Is Key a subscriber to ‘canoe theory’?

Todd S. Purdum looks at California’s Governor Jerry Brown:

Brown’s politics have long been tough to pigeonhole. He is personally ascetic, like the Jesuit seminarian he once was, and in his first term famously drove a plebeian Plymouth. He has always been a bit of a fiscal skinflint and now bucks liberal orthodoxy on questions like legalizing marijuana. His long-standing credo has been the “canoe theory” — that the best way to head in a straight line is to paddle a little to the left and then to the right. In contrast to a Legislature widely seen as left of center, he is viewed as middle of the road.

It is hard to argue when reading that description of Jerry Brown that it doesn’t also fit John Key perfectly.

John Key sits squarely in the middle, with little paddles to the left, and then little paddles to the right. So far he has got the balance in the canoe just right.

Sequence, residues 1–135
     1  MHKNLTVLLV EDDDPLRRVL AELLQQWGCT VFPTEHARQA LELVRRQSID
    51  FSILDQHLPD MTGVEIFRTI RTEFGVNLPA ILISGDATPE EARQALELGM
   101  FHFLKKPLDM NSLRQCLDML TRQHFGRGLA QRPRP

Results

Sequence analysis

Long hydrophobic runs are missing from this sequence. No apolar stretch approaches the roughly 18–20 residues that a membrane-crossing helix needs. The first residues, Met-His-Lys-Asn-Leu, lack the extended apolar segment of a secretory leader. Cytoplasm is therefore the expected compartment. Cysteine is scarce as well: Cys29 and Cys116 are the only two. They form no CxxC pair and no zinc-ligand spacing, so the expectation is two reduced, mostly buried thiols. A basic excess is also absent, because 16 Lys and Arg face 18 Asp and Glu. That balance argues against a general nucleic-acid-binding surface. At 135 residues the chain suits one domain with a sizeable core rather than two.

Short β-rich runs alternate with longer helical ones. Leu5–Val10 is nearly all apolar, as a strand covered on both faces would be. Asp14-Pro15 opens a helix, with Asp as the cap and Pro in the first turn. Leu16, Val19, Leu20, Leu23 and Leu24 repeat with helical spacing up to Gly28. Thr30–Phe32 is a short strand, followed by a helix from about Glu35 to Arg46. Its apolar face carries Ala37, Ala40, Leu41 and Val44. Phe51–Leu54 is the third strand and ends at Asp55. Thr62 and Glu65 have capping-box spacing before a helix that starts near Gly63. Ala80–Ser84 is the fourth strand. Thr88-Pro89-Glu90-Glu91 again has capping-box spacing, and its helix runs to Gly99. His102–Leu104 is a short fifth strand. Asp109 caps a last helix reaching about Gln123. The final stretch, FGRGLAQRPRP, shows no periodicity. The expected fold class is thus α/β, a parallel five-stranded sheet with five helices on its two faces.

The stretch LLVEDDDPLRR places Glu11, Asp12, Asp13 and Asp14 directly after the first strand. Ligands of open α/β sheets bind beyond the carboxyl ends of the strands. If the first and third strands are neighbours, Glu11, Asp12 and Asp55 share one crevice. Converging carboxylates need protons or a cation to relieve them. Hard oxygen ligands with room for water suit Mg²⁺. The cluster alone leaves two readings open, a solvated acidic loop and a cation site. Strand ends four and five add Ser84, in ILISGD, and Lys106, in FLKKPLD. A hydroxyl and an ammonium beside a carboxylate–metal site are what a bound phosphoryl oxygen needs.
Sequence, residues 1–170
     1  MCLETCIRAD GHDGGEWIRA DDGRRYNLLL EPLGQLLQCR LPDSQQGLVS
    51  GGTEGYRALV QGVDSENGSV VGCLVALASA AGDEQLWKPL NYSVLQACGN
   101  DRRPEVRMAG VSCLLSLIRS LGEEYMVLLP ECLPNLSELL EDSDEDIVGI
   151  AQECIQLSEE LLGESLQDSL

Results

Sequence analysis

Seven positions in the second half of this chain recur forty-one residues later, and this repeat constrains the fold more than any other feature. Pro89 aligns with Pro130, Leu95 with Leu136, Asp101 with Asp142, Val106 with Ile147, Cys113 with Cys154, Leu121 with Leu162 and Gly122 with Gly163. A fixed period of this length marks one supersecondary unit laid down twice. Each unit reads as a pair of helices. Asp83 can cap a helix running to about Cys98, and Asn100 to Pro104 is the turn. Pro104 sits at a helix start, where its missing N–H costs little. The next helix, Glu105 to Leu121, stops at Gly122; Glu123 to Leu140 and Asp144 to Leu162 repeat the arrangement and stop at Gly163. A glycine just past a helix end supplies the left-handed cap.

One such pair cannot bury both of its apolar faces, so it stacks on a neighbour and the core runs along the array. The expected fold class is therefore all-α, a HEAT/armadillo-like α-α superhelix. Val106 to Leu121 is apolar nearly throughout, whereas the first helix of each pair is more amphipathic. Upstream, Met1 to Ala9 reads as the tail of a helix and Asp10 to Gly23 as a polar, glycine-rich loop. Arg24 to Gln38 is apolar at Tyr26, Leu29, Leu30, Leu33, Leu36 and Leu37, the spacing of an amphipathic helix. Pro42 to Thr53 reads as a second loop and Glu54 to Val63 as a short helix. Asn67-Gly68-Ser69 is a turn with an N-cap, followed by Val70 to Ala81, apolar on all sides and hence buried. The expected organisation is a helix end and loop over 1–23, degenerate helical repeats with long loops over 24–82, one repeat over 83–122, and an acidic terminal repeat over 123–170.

But all it takes to tip a canoe over is a rogue wave, or a boat to speed past or the canoe to spring a leak.   Read more »

An email from a Reader

A reader emails about the proposed White Water Rafting/Kayaking centre in Manukau and my post about the Greek version:

On the whitewater stadium, it might be better to compare it to the one in Australia. Let’s face it the cited example is more the Greeks than anything else.

That said, the Penrith stadium cost a third of what Auckland CC is proposing. WHY?

The total cost of construction was $6 million, of which $1.5 million was paid by Penrith City Council, $1.5 million by the International Canoe Federation (including $300,000 by Australian Canoeing) and $3 million by the Government of New South Wales.

And how much does Penrith make or how much is it subsidised? Is anyone comparing? AND what a ridiculous thing to introduce as most Aucklanders are infuriated with rate rises.

All good points, does anyone know the answer to them?